Personal finance trends

Personal finance trends

I’m always on the lookout for personal finance trends. Earlier this year, I stumbled on a fantastic 2019 year-end recap from the Military Families Learning Network. Read on for five of the trends and studies they highlighted – plus your personal finance action items.

We like the herd. It makes sense; we’re social creatures. That can be good or bad. If we hear that we’re spending a lot more on restaurants than our peers, it could encourage us to use the dining room table for its intended purpose. On the other hand, our peers can validate our bad habits. I come across – and share – plenty of studies showing that Americans are doing a poor job saving for retirement. While my intent has always been to highlight an area for improvement, maybe I’ve been sending the wrong message. Folks could be thinking, “Hey, I’m not alone. Maybe it’s OK.”

Your action item: Blaze your own trail by establishing goals and creating a personalized plan to achieve them. Regardless of what others are doing or failing to do, you’ll have a clear path to success.

We like to take one step at a time. If I look down and to the left, there’s a checklist sitting next to my keyboard. There’s nothing like leaving the office at the end of the day having worked my way from top to bottom. While I’m not much of a multitasker, when it comes to financial goals multitasking may be a necessity. For example, having every cent of debt paid off shouldn’t be a prerequisite to saving for retirement.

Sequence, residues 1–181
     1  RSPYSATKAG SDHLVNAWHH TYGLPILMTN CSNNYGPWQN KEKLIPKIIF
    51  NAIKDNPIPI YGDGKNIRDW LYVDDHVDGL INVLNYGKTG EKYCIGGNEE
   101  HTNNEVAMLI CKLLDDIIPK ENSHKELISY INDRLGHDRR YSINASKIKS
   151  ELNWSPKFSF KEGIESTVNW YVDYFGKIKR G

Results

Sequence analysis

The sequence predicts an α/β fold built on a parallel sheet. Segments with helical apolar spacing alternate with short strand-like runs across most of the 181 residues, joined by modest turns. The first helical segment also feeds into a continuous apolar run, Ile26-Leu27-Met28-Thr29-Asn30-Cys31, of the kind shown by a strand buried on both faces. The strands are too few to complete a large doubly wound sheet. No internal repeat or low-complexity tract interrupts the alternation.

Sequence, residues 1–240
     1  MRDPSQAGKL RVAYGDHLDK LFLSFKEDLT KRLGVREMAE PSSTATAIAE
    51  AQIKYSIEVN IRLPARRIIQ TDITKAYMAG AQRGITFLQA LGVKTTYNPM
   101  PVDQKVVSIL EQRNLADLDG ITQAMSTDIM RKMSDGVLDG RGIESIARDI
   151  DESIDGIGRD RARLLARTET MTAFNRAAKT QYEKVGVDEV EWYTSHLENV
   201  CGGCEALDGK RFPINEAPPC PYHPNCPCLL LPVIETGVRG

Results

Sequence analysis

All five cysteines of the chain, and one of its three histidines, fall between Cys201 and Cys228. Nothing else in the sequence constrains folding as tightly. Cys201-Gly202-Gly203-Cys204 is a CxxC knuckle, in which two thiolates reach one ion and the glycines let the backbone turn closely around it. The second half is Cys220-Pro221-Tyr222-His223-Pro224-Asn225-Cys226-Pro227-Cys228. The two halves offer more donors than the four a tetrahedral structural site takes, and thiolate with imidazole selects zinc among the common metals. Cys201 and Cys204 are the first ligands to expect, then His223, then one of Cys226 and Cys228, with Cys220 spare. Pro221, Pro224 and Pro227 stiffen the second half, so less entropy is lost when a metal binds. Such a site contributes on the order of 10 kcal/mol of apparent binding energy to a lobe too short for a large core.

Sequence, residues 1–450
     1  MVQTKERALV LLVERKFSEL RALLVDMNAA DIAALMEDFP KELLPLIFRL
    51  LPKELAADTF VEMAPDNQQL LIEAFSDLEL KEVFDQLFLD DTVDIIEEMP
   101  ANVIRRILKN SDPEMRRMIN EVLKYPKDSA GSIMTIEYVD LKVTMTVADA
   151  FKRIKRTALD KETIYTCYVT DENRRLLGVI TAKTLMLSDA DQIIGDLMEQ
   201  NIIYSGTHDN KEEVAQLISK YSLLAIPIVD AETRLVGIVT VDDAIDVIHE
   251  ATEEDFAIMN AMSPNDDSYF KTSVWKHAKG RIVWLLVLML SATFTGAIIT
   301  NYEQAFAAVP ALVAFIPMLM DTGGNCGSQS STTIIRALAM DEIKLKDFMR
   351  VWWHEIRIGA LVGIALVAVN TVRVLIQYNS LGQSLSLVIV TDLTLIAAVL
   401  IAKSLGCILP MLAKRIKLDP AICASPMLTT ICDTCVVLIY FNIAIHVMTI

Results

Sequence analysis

Your action item: Review your financial goals and, if you’re not already doing it, look for opportunities to go after them simultaneously.  

Second jobs are common. Bankrate’s Side Hustle survey indicates that about a third of Americans are making money outside their main employment. Unfortunately, the same survey indicates that the extra income is a necessity to cover regular living expenses.

Your action item: Work both ends of the budget to create space for financial good. In other words, look for opportunities to cut expenses and boost income to pay down debt, save and invest.

New car loans are nearing 70 months. That’s the average length of a new car loan, according to Experian. My advice is to shoot for a loan you can pay off in fewer than five years. If you can’t make that work, look for a different car or hold off on the purchase. 

Your action item: Make the right call on your next car purchase.

Our finances are fragile. The government shutdown that ended last year shed some light on the value of emergency savings. A Prudential study, appropriately titled Financial Fragility, of several hundred federal workers and government contractors found that 49 percent fell behind in paying bills and 42 percent increased debt when they encountered an income disruption.

Your action item: Build an emergency fund today. While the equivalent savings of three to six months of core expenses is ideal, even $1,000 can help bridge a small gap. 

Want to learn more? Watch the full video at

J.J. Montanaro is a certified financial planner with USAA, The American Legion’s preferred provider of financial services. Submit questions for him online.